Dutton reinvigorates the genre of historical fiction through dreamlike narration and unexpected prose structure in order to evoke Margaret of Newcastle’s 17th century life. Margaret the First was a highly unconventional woman torn between society’s expectations of gender and class and her need for creative and intellectual stimulation. Childless, exiled from England with her husband, lonely and unfulfilled, she participated in scientific lectures, published plays and prose, and dressed outrageously - even sometimes, as at an elaborate social event, went topless. This surprisingly relevant imagining of the life of Margaret Cavendish belongs next to Virginia Woolf’s A Room Of One’s Own and Charlotte Perkins-Gilman’s The Yellow Wallpaper as important reflections on women’s inner life.
- Cindy— From Cindy's Recs 2
March 2016 Indie Next List
“Dutton's novel takes the already extraordinary life of Margaret Cavendish - 17th century natural philosopher, author of The Blazing World, and Duchess of Newcastle -- and transforms it into a stunning work of historical fiction. With women in the sciences a hot issue today, Margaret the First satisfies a craving for women's writing, women's voices, and women's stories, painting a portrait of a sensitive, thoughtful woman hungry not just for praise and recognition, but acknowledgment, affirmation, and validation. Margaret the First is a triumph!”
— Liz Wright (W), Brazos Bookstore, Houston, TX
Margaret the First dramatizes the life of Margaret Cavendish, the shy, gifted, and wildly unconventional 17th-century Duchess. The eccentric Margaret wrote and published volumes of poems, philosophy, feminist plays, and utopian science fiction at a time when "being a writer" was not an option open to women. As one of the Queen's attendants and the daughter of prominent Royalists, she was exiled to France when King Charles I was overthrown. As the English Civil War raged on, Margaret met and married William Cavendish, who encouraged her writing and her desire for a career. After the War, her work earned her both fame and infamy in England: at the dawn of daily newspapers, she was "Mad Madge," an original tabloid celebrity. Yet Margaret was also the first woman to be invited to the Royal Society of London--a mainstay of the Scientific Revolution--and the last for another two hundred years. Margaret the First is very much a contemporary novel set in the past. Written with lucid precision and sharp cuts through narrative time, it is a gorgeous and wholly new approach to imagining the life of a historical woman.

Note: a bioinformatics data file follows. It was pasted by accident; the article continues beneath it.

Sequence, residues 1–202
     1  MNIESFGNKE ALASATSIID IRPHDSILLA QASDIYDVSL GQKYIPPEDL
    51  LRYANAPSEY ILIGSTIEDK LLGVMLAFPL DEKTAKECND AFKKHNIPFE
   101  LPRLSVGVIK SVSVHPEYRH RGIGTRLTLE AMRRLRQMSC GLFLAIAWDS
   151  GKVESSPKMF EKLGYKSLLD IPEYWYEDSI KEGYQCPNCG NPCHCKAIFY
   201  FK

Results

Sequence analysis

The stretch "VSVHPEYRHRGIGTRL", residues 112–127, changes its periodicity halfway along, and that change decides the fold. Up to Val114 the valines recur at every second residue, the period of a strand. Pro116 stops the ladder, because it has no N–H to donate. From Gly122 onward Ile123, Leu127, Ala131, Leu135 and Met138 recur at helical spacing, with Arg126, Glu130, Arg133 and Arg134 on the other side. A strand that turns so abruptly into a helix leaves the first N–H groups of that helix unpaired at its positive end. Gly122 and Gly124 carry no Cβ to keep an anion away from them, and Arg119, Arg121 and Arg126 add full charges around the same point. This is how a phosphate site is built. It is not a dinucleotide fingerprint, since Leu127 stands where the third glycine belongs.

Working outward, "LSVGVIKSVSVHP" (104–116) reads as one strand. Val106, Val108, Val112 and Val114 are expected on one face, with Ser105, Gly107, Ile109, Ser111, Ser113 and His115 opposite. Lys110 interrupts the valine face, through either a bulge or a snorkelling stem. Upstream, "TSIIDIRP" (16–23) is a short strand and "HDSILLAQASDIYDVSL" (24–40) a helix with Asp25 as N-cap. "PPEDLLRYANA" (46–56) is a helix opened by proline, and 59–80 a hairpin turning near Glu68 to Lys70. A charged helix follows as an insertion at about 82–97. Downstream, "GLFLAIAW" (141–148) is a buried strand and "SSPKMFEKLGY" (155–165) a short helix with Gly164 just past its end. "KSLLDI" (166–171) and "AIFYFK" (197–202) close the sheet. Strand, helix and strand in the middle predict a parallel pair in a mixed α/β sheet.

About the Author
Danielle Dutton's fiction has appeared in magazines such as Harper's, BOMB, Fence, and Noon. She is the author of a collection of hybrid prose pieces, Attempts at a Life, which Daniel Handler in Entertainment Weekly called "indescribably beautiful," and an experimental novel, S P R A W L, a finalist for the Believer Book Award. In 2015, she wrote the texts for Here Comes Kitty: A Comic Opera, an artists' book with collages by Richard Kraft. Dutton holds a PhD in Literature and Writing from the University of Denver, an MFA from The School of the Art Institute of Chicago, and a BA in History from the University of California at Santa Cruz. Prior to her current position on the creative writing faculty at Washington University in St. Louis, she taught in the Jack Kerouac School of Disembodied Poetics at Naropa and was the book designer at Dalkey Archive Press. In 2010, Dutton founded the small press Dorothy, a publishing project, named for her great aunt Dorothy Traver, a librarian who drove a bookmobile through the back hills of southern California. Now in its fifth year, the press's books are widely reviewed. The press itself has been praised in the New York Times and Chicago Tribune, and Dutton has been interviewed in the Paris Review, Kirkus, and elsewhere for her work promoting innovative women writers.